California voters don't have a problem with unions, but they're not so keen on public employee pensions promoted by organized labor, according to a new Field Poll.
Nearly half of registered voters – 46 percent – believe unions do more good than harm, while only 35 percent believe the opposite.
But strong majorities support capping public pensions, increasing what government workers pay toward their benefits and hiking their minimum retirement age. And by a narrow majority, they support a state government commission's controversial idea to alter pension formulas for current employees.
"Public pensions are now seen as too generous," said poll director Mark DiCamillo.
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Reports about pay and pension abuses in Bell, University of California professors' complaints about their six-figure pension terms and last month's Little Hoover Commission report that concluded retirement obligations are "crushing" state and local government all fuel that perception, DiCamillo said.
In 2009, Field pollsters found that 32 percent of California voters thought public pensions were "too generous" and 40 percent thought they were "about right."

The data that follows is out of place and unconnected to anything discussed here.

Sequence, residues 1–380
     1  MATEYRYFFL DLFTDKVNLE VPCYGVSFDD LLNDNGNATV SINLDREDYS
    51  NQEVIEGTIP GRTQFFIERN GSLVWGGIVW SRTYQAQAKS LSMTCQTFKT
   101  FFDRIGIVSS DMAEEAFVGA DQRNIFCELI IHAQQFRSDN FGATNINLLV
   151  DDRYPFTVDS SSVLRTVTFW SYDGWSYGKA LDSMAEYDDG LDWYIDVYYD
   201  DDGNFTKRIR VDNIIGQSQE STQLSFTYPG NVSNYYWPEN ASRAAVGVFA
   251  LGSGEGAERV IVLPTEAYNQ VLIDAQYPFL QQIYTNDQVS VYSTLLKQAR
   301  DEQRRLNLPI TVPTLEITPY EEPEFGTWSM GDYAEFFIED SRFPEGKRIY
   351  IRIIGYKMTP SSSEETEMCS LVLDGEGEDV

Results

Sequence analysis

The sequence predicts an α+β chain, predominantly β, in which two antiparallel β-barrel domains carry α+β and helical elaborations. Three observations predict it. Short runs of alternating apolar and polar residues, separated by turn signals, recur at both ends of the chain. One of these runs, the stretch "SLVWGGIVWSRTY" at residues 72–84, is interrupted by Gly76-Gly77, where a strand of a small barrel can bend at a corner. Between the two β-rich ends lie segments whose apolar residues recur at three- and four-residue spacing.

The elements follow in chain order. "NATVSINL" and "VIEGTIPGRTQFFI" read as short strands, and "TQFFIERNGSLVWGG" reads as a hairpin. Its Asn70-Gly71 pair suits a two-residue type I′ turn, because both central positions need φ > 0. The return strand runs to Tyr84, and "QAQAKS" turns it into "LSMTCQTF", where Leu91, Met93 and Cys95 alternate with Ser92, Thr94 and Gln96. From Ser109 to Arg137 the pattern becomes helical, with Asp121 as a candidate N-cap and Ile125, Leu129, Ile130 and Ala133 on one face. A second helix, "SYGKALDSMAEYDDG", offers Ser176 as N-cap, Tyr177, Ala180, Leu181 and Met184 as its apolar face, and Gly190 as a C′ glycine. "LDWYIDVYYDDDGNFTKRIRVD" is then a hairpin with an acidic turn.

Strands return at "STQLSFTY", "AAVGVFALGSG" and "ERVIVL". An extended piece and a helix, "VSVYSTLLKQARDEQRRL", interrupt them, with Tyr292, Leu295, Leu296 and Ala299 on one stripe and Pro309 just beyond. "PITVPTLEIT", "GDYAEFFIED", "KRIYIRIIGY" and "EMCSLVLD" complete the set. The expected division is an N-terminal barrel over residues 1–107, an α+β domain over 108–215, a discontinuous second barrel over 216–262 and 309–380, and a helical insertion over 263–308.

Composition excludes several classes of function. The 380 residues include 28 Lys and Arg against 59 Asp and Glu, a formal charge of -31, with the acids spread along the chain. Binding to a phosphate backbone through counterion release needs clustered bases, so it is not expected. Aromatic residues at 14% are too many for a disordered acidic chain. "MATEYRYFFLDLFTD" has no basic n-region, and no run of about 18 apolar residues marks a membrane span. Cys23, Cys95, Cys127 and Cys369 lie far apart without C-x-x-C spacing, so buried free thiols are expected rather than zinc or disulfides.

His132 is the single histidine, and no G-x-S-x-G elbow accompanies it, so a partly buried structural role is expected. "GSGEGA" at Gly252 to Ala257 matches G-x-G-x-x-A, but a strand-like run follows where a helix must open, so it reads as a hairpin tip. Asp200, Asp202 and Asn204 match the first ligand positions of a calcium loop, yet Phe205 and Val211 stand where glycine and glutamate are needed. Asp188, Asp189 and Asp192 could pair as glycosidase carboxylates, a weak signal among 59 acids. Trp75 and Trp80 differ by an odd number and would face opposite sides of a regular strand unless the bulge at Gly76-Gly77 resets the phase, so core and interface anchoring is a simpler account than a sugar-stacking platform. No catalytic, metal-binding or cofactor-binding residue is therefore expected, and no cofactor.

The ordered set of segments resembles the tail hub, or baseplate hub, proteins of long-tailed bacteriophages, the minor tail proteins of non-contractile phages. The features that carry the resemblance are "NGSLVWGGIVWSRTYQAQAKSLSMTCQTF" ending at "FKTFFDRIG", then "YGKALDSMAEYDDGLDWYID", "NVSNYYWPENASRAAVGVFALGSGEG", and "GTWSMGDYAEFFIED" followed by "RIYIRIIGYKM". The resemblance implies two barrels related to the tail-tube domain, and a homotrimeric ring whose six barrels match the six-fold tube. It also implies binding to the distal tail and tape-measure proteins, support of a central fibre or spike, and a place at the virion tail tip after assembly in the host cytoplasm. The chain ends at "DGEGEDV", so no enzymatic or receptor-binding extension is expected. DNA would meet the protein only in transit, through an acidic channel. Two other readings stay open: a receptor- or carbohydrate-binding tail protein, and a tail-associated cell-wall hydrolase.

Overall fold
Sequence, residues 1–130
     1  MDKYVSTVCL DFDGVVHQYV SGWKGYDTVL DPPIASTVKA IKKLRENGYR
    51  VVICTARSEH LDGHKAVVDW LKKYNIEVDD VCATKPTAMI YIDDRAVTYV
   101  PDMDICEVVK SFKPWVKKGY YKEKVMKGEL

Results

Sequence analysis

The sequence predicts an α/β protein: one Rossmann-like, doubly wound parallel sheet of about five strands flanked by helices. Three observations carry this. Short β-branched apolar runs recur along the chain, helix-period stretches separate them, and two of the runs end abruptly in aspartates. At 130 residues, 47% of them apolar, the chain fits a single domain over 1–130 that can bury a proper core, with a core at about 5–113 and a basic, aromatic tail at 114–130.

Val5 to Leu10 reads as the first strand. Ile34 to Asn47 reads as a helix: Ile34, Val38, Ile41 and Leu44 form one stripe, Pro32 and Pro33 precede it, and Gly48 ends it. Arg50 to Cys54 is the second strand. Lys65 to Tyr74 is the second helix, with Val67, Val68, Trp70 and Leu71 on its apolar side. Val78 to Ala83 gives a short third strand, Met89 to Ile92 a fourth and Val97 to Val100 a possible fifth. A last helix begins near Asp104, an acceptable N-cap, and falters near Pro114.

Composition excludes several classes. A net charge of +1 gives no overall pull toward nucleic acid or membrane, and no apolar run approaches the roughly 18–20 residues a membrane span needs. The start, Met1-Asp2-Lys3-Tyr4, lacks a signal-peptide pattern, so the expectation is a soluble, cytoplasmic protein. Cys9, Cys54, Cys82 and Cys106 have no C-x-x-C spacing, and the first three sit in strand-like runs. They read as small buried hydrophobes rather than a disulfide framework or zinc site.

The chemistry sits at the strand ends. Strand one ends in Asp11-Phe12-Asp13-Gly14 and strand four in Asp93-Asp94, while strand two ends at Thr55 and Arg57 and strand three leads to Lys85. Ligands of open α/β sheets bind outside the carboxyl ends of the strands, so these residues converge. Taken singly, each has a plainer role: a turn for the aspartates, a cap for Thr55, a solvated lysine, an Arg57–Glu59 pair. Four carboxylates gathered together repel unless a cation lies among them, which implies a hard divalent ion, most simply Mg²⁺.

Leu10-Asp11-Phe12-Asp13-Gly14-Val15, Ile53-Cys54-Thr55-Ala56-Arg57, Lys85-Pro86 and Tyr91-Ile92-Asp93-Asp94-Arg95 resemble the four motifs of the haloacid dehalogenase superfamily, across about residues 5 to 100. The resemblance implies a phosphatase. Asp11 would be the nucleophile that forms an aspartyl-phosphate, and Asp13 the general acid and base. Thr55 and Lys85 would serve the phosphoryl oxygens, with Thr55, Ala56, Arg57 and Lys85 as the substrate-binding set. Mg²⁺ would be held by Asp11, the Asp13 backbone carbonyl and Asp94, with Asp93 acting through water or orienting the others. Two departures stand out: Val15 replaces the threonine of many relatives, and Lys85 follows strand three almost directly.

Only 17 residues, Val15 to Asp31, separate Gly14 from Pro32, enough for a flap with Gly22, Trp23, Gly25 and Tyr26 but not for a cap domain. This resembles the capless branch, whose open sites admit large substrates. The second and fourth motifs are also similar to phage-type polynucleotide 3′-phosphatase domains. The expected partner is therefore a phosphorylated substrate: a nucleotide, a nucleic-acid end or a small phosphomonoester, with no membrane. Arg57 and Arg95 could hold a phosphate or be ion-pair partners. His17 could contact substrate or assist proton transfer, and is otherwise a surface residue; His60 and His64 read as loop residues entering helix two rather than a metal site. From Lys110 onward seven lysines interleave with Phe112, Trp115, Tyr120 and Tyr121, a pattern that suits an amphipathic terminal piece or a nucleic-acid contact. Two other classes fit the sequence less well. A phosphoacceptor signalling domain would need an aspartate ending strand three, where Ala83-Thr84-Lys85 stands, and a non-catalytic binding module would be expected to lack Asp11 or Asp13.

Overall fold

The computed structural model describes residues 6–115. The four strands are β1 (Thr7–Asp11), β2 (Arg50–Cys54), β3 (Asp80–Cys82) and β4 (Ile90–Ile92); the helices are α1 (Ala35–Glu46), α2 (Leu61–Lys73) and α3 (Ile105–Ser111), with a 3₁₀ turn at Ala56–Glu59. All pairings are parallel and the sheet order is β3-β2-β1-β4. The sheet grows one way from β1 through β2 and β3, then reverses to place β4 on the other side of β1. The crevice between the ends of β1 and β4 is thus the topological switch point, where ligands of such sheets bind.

This month, the polling flipped: 42 percent said pensions are too generous and 34 percent said pensions are about right.
Steve Maviglio, spokesman for Californians for Health Care and Retirement Security, a union coalition, said the Field Poll doesn't reflect reality.
Many public employee unions have bargained pay cuts and increases to employees' share of pension contributions, Maviglio said. Many have lost their jobs or taken furloughs.
Government workers don't retire to a life of ease, he said, "but it's no secret that that public employees have been made a piñata in budget battles at the state and local level."
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